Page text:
Activists of at least three non-government human rights organisations have said that in 2016 intelligence agency personnel has visited their homes and offices. They inquired about their personal details and political affiliations. The intelligence agencies now keep watch on the human rights cases and turn up at court too.
On 28 April, six human rights organisations including National Women’s Lawyers Association, filed a writ with the High Court concerning sexual harassment in educational institutions and workplaces. The intelligence agencies called up several activists to ask for the names of those involved in the matter.
What is the national human rights commission doing? The commission’s chairman Kazi Reazul Huq said they have written to the home ministry requesting for investigations in several incidents, but have received the invariable reply, “the matter is under investigation.”
Home minister Asaduzzaman Khan Kamal said that national human rights commission sends the ministry letters from time to time. He said it is not true that the ministry overlooks these letters. Action is taken if the allegations are proven to be true.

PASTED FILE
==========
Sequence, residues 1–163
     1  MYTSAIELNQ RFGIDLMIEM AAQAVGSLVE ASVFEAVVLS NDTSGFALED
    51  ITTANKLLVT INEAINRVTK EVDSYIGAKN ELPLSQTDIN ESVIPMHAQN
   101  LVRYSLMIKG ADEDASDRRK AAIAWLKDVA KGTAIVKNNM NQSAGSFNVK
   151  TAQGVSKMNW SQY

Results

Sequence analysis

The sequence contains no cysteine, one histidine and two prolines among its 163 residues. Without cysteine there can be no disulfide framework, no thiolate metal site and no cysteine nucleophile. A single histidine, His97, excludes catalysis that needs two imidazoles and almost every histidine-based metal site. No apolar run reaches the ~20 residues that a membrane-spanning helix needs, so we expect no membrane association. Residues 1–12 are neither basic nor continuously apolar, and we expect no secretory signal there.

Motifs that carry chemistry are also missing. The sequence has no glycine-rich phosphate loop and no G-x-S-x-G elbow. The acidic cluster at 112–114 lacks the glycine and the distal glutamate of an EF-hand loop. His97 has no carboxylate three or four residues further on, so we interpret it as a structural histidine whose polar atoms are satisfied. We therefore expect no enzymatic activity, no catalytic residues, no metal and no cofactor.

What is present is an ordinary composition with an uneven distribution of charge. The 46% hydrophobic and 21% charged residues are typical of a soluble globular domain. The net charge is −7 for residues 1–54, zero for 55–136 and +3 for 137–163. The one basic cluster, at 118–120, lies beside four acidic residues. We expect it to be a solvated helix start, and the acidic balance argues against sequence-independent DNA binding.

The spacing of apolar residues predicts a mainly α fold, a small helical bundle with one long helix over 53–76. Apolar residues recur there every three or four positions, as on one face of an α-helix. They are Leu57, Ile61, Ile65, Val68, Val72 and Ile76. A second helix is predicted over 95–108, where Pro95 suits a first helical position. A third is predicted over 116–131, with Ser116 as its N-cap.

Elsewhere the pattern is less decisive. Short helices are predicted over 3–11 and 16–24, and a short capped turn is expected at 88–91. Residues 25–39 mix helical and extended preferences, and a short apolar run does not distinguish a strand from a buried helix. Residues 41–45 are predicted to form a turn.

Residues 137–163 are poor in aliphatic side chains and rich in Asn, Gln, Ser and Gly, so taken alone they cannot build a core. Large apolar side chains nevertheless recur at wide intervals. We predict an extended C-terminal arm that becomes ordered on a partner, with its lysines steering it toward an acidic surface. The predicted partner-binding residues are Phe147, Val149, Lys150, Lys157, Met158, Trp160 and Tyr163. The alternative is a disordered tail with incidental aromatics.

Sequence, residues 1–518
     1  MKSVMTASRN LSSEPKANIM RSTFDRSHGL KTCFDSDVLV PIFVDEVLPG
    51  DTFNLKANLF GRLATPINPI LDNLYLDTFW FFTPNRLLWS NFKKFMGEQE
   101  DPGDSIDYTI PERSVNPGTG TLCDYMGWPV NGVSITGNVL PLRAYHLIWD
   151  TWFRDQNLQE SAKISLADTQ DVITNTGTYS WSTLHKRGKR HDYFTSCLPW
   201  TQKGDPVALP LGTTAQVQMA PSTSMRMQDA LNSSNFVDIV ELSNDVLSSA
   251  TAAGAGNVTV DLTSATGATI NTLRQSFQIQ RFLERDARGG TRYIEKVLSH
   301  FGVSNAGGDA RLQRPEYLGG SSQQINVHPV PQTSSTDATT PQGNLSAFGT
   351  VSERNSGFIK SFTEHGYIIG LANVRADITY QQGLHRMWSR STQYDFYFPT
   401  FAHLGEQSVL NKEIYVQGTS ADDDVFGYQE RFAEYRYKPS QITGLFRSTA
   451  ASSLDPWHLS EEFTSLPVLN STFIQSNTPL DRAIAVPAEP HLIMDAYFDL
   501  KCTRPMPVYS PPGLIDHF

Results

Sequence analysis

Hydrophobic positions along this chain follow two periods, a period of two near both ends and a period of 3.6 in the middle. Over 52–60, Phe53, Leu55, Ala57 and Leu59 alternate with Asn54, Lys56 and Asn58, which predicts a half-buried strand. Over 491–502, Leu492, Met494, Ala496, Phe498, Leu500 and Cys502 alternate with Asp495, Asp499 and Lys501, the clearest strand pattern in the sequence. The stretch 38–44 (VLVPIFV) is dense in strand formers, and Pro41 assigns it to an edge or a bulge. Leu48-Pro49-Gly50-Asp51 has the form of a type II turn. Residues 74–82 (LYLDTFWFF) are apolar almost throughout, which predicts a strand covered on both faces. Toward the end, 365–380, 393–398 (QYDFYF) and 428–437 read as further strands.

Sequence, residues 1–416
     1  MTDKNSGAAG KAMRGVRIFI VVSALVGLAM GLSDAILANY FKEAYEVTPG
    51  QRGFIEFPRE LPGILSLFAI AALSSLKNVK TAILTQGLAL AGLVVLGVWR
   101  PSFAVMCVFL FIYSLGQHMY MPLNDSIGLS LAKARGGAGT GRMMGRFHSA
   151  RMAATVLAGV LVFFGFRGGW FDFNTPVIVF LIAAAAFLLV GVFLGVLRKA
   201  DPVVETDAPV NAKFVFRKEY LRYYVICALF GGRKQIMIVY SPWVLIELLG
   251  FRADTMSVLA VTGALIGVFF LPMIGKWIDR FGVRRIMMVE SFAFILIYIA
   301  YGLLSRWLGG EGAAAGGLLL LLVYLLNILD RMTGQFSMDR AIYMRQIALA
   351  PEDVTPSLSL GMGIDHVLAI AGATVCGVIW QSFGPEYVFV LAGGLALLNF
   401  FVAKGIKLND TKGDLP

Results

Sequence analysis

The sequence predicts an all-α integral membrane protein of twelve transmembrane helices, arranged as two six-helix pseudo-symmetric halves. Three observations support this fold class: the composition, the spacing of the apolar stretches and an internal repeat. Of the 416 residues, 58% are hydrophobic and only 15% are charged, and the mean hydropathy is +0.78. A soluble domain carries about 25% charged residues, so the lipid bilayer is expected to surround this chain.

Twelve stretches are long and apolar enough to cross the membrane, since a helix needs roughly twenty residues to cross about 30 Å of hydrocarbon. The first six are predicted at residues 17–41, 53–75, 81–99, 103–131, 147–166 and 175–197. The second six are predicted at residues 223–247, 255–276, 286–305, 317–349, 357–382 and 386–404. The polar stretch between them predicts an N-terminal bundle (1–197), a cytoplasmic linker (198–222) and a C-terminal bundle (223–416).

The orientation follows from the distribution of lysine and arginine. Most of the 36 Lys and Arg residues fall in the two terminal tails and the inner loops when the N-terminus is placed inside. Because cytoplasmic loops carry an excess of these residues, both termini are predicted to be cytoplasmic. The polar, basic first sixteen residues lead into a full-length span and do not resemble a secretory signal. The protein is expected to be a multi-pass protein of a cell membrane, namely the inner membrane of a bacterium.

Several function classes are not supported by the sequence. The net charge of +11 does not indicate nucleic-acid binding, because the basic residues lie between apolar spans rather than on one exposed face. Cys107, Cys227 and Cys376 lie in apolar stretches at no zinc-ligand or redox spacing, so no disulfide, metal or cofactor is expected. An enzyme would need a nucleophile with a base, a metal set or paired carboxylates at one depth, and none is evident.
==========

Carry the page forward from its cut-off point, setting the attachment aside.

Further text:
The human rights organisations tend to play things safe at present. Their projects deal with relatively less sensitive issues. The activists say they try to provide assistance or legal aid on a personal basis. This was evident during the safe road movement and the quota reform movement. Some of the activists are similarly extending their support to ‘Mayer Dak’, the group comprising families of victims of forced disappearance.
Speaking to Prothom Alo, former caretaker government advisor and human rights activists Sultana Kamal said some of the organisations are making an effort, but it is not being possible to do anything effective. She said it is the fundamental responsibility of the state to address human rights violations. It is difficult for the non-government human rights organisations to work in this regard without support and cooperation of the executive and the judiciary.
* This piece appeared in the print edition of Prothom Alo and has been rewritten in English by Ayesha Kabir